In this chapter, we compare how marginalized people act collectively to produce media as counter-hegemonic actions in rural and urban Brazil. We subscribe to the overarching view stated earlier that media pluralism is a process in which grassroots groups and organizations interact with state and political actors, inserted in broader and deeper social and political dynamics. In this context marginalized people act to mobilize resistance, to denounce abuses, to demand rights and respect, to construct identities, promote a sense of belonging and to challenge discriminatory and criminalizing discourses. Our objective is to demonstrate similarities and differences in communicative processes meant for multiple purposes. We believe that this type of comparison provides valuable insights about the challenges underprivileged social groups face in their efforts to raise their voices collectively and thus increase pluralism in public debates in contexts where media and political power are dominated by oligarchic and corporatist forces.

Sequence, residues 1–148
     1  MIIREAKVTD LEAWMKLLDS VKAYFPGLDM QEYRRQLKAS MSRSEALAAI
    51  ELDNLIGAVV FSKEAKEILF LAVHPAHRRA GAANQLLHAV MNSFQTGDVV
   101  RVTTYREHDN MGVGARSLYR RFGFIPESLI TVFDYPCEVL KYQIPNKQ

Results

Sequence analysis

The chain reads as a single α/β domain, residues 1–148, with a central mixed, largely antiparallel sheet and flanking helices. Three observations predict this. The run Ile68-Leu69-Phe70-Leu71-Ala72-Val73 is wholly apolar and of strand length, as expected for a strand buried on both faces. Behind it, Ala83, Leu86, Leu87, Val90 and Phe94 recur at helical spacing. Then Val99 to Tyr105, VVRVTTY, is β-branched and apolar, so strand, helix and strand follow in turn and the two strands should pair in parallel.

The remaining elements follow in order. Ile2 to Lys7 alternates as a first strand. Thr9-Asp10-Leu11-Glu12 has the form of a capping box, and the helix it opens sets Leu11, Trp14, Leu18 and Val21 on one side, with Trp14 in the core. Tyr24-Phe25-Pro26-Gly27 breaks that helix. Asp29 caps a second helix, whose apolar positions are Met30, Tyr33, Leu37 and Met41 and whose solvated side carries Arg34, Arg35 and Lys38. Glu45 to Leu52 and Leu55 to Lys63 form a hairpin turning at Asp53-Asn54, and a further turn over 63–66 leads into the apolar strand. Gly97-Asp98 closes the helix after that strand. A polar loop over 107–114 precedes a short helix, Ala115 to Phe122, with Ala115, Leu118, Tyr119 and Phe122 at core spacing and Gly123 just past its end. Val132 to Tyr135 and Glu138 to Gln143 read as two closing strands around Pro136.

|Title of host publication||Media and Governance in Latin America|
|Subtitle of host publication||Toward a Plurality of Voices|
|Editors||Ximena Orchard, Sara Garcia Santamaria, Julieta Brambila, Jairo Lugo-Ocando|
|Publication status||Published - 2020|
|MoE publication type||A3 Part of a book or another research book|